The beautiful lady living in my thoracic cavity

I started a new journaling app today and this was the prompt and the outcome:

Goal: I want to successfully complete 100 days sober in a row
Make it easier: I need to get to ten days first. I’ve only done that once in the last 10 months. After ten days, I’ll do another ten. Then another ten and another and and and…

I know that being on “vacation” at the lake is a big trigger for me. Drinking starts early and is a given. And we are here so much, which is AWESOME in many ways but such a scary ground to start sobriety.

I’ve been white knuckling and I know that’s a recipe for disaster (obviously, as I’ve failed at my commitment NOT to drink for the last 8 days in a row). Wolfie tends to tell me right after nap time that it’s been a hard day and I need to bliss out with a good wine buzz. Problem is, I KNOW this bliss is short-lived and I KNOW I’ll be upset the next day with myself but I still do it. 

I’ve been working on picturing my inner guide as a beautiful, older lady dressed in flowing clothes who lives in the middle of my chest cavity and is there just waiting for me to ask for her help.

This beautiful lady wants only good for me. She knows me and knows I’m capable of moving mountains and knows I get stuck in the small things. But she’s rooting for me. 

I need to actually ask her for help when that addictive voice starts speaking seductively to me. Actually, it’s not seductive, it’s more like a good buddy cajoling me into a drink. “You can always start tomorrow, may as well tack on one more drinking day. What’s the big deal?”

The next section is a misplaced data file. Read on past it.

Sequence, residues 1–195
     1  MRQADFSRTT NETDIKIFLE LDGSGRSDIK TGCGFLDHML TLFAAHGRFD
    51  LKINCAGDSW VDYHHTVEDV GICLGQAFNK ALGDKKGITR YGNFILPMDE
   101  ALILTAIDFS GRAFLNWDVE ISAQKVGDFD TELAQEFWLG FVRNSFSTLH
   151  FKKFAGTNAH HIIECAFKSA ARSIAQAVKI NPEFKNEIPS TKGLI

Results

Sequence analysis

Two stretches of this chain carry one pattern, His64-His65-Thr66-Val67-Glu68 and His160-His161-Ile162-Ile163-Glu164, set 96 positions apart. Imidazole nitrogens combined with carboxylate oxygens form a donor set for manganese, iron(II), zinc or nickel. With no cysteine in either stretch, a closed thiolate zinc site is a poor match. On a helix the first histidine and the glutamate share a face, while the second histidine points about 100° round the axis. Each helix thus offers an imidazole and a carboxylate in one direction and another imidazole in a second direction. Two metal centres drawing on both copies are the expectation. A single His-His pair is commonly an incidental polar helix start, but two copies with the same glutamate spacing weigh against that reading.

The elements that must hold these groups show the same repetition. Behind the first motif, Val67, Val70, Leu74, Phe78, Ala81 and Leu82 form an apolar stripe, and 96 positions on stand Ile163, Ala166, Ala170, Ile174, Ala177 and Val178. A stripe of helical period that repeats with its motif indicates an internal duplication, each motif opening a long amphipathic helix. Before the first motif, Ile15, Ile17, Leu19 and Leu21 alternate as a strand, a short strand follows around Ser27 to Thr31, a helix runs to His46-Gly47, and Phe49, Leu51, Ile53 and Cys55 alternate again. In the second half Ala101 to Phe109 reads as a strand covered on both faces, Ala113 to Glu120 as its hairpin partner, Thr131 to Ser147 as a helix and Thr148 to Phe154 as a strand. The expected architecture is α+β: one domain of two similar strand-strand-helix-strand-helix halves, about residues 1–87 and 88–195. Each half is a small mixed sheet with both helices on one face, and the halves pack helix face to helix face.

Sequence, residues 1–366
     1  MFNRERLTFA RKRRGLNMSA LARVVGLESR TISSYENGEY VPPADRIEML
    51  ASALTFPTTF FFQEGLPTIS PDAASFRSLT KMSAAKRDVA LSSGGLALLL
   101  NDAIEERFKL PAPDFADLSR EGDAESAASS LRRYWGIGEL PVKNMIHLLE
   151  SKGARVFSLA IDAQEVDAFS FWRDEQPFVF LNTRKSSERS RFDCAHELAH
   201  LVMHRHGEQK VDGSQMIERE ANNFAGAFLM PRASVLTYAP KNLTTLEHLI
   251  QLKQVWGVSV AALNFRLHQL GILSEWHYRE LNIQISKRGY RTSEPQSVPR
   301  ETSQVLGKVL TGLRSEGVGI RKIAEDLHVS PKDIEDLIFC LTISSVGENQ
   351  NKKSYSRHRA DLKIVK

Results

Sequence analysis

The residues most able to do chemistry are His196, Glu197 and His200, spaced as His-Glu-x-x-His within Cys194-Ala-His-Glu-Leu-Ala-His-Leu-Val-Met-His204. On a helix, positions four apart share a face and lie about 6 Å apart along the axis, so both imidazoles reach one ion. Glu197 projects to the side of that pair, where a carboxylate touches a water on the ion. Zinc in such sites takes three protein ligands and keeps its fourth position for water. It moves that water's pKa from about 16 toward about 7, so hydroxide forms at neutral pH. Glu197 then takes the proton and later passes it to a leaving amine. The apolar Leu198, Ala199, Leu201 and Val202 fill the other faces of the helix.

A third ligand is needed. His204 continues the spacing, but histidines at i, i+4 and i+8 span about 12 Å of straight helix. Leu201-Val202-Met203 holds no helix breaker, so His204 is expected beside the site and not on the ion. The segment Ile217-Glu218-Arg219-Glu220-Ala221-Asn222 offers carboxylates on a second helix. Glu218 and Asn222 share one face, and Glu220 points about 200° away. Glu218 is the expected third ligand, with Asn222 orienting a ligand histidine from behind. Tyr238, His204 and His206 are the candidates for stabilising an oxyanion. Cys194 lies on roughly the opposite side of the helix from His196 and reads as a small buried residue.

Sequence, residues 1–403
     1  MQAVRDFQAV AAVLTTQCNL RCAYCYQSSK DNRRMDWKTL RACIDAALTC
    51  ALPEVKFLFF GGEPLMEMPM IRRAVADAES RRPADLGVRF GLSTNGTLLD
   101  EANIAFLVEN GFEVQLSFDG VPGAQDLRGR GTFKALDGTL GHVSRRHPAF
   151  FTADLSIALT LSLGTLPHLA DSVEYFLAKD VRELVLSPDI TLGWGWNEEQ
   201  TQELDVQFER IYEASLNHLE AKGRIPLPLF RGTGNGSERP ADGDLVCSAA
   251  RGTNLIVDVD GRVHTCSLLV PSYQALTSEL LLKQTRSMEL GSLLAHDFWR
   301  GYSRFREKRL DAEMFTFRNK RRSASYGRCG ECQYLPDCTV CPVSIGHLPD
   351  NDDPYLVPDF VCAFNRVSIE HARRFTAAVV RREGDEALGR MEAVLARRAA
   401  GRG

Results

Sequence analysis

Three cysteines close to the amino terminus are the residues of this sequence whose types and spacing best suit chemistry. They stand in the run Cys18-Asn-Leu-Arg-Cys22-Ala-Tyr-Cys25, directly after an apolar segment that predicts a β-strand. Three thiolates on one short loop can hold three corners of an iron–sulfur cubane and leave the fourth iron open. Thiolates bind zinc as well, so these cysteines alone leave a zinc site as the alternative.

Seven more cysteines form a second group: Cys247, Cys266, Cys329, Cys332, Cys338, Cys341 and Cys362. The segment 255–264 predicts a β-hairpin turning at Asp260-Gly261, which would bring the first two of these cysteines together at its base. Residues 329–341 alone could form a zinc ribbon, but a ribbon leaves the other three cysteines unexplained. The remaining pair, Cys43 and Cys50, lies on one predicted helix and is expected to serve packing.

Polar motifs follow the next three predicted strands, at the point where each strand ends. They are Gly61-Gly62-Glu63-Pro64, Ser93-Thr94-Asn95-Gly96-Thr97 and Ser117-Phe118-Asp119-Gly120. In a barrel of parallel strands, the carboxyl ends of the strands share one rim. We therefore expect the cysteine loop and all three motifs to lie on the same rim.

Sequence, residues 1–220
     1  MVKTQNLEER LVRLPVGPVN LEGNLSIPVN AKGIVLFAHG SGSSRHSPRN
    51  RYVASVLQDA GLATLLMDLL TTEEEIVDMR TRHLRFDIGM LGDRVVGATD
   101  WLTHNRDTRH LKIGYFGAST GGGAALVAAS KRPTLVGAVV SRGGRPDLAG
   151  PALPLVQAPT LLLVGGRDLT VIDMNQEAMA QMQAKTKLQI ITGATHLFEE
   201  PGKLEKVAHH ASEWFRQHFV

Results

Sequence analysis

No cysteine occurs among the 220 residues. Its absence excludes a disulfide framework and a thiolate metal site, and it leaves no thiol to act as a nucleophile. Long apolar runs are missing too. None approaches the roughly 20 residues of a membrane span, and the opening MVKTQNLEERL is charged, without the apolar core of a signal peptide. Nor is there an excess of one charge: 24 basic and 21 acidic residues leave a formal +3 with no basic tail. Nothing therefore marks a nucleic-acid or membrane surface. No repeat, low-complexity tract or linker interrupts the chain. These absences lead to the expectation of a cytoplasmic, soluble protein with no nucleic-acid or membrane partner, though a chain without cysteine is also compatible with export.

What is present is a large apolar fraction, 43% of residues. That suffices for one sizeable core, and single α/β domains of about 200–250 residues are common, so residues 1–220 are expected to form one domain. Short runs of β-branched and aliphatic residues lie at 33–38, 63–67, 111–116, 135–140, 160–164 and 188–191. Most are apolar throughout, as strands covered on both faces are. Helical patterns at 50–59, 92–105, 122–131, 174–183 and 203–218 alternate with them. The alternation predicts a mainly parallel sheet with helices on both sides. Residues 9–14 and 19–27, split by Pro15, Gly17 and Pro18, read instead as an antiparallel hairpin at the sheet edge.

The big deal is that my life is so small when I have to live it hungover. It’s full of silly irritations that are totally unnecessary and that I probably wouldn’t notice with a clean and clear head. It keeps me mediocre and dear GOD there is nothing I want less than to be mediocre. 

She can help. My inner guide is me and she is powerful beyond measure.

18 thoughts on “The beautiful lady living in my thoracic cavity

  1. Oh yes! Oh And I didnt tell my partner either. I wanted to see if this was something I could do quietly getting support from here rather than her seeing yet another promise of change that never materialised. Then of course my partner made comments like oh you havent had a drink for a while and it all became quite organic and not such a big deal. After a few months I did say to her that it was my intention to stop and possibly for good. I think with this process it’s important that people do it in a way that’s right and comfortable for them. Good Luck x

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  2. So true about never regretting waking up sober. I think it was that sense of wasted time, dealing with hangovers and lethargy caused by drinking that made me decide to quit. Yes I still occasionally fancy a wine or 5 because I di really love wine. But booze was a fickle and demanding friend . He had to go and that’s let life in. Trust in yourself, that guide seems wise. X